Log of the Salty Turtle: November 2 – 8, 2012
11/02/2012 Beaufort, SC to Herb River, GA (Near Thunderbolt) 42nm
11/03/2012 Herb River, GA to Frederica River, GA (Near St.Simon's) 70nm
11/04/2012 Frederica River to Cumberland Island,GA (Near St.Marys) 40nm
11/05/2012 Frederica River to Bell River, FL (Near Fernandina) 7nm
11/08/2012 Bell River to Pine Island, FL (Near St. Augustine) 43nm
11/09/2012 Pine Island to St.Augustine Mooring Field, FL 13nm
11/11/2012 St.Augustine Mooring Field to St.Augustine Marine Center 3nm
Total NM To Date: 514 nm
ICW Mile Marker: 780 sm
“Men in ships are always looking up, and men ashore generally looking down.”
South To Georgia:
Finally after 10 days pinned to the dock in Beaufort, SC the winds from Hurricane Sandy dropped down to less than 10 knots and it was time to head South. With a strong incoming tide pushing us, Gigi handling lines, and fear in my heart I eased the Turtle out into the current with only the engines to maneuver (remember the steering wheel / rudders do not work at slow speed). An unexpected, blast of current careening off bow of the good X-mayor's boat pushed us sideways toward the small coastal cruise ship on the next dock. A quick power up and kick from port engine turned us away from the ship and added power to starboard shot us astern into the bay and clear of the docks. With a spin from forward and reverse engines the Turtle tuned 90 degrees, power to both forward, and we were headed for the ICW, and free of Beaufort Down Town Marina. The throb of the engines (and my heart) eased and the Turtle nosed South into the current. ….And Gigi and I started to breath again. Free of the dock and no one hurt or hit.
Georgia is the most beautiful section of the ICW (in my opinion) and that includes the Waccamaw River in South Carolina. The ICW here is like an old bob-tailed dog chasing it's tail and almost catchin' it...but not quite. It snakes its way thru, rivers, sounds, and salt marsh creeks. Salt marsh creeks that fill with the ebb and flow of the tide and spill life giving, nutrient rich, water over the estuary.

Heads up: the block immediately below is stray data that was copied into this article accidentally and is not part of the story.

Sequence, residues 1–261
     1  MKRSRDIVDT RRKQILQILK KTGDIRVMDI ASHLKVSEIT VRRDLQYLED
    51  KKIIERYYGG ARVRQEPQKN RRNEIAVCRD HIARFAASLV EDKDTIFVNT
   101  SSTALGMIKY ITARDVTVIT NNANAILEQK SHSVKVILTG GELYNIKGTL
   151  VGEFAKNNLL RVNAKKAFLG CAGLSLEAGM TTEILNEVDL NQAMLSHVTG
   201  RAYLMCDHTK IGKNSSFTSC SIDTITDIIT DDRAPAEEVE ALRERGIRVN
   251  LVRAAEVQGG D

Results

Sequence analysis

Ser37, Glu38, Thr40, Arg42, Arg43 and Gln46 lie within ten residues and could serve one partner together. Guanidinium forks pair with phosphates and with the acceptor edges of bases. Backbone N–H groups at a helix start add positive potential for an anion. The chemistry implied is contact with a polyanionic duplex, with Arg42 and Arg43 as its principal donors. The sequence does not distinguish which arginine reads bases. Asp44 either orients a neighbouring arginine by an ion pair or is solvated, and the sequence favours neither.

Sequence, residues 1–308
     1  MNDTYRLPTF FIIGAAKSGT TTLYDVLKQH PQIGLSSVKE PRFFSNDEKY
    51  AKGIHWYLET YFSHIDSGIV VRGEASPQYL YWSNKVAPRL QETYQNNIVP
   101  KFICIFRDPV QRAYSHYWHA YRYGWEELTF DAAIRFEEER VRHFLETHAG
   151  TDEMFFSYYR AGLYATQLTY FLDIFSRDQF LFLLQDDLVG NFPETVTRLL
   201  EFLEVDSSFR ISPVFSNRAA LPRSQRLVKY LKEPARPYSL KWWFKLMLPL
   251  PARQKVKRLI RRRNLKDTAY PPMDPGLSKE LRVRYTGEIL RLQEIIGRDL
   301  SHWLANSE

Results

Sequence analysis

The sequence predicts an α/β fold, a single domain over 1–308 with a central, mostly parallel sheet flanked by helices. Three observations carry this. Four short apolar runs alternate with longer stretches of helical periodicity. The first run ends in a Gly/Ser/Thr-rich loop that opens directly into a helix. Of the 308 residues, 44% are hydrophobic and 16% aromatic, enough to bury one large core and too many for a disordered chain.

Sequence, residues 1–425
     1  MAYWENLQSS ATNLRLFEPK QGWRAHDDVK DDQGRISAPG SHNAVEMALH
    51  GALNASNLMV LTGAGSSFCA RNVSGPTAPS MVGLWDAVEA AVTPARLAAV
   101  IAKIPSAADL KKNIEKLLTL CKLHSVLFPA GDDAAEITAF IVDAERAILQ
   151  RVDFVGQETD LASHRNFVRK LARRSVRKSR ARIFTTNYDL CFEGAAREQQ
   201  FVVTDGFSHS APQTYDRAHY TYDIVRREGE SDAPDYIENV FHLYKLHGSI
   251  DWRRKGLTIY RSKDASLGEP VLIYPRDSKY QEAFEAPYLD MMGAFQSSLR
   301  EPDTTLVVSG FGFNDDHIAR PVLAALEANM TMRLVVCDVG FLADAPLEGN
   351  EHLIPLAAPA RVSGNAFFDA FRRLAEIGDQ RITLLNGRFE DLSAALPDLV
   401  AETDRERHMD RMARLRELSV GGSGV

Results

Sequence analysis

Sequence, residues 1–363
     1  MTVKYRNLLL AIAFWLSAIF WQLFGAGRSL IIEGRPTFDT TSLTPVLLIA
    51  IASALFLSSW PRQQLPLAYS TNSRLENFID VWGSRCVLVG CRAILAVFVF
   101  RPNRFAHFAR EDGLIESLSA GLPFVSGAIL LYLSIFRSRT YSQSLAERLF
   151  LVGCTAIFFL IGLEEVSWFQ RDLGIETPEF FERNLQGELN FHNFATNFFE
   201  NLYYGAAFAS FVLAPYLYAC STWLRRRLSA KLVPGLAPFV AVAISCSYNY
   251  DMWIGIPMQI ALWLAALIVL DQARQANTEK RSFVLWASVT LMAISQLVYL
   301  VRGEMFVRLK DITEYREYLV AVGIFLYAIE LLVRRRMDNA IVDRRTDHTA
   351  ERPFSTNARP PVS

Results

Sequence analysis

Coastal Georgia is both deep and shallow but it is chock-a-block full of wildlife. Wildlife of all kind. This year I saw my first ever Wood Stork while at anchor in Herb River, an immature Bald Eagle sitting on a red marker near Isle of Hope, and a pair of Balds roosting in a tall pine in the glow of the Fall evening sun while anchored off Cumberland Island. There are dolphin around ever bend just waiting to play in your bow wake. And butterflies, hundreds of Monarchs winging their way South with us “Snowbirds” dipping in and out from under our bimini as if to say “you guys must be a turtle even I can out race you.” And they were right.
Many cruisers bypass Georgia because they say it is “boring” and “shallow” plus you can put Georgia behind you on the outside in 20 hours in what will take you 3 days on the ICW. I'll answer the boring question first...NOT! If you love wildlife; hundreds of quiet, secluded, spanish moss hung, tree bearded anchorages; and beautiful sunsets you will never be bored in Georgia. As to the “shallow?” Actually most of Georgia's ICW carries deeper water than average ICW depths. However there are few places that are damn shallow at low tide – Fields Cut, Hells Gate, Little Mud River, Buttermilk Sound and Jeckyll Island are the few that come to mind. But...Georgia has 8' or better tides so just play the tides and you gotta' no problem. If you are in too big a hurry to enjoy Georgia you probably picked the wrong lifestyle. Slow down and live brother. Slow down and live.
This trip we anchored in the Frederica River, just N. of St.Simon's Island, for the first time. The Frederica takes a left off the ICW and slowly meanders its way thur the salt marsh for almost 7 miles before it re-joins the ICW just before the St.Simon's Island highrise bridge. The chart shows good water for it's entire length and no obstructions so we decided to see if we could actually run the 7 miles back to the ICW the long way (actually not much longer in reality). We made the run at low water and in the early morning light (Oh Wow! What color!) and saw no less than 8' of water and most of the time 18 to 30 feet. The Frederica turns out to actually be deeper than the ICW. About mid-river is the remains of Ft. Frederica - now a State Park. Next trip we plan on anchoring off the fort and do a little exploring. See what I mean about Georgia? It offers new experiences at almost every bend.
Fernandian, FL - Bell River and BBQ Toes: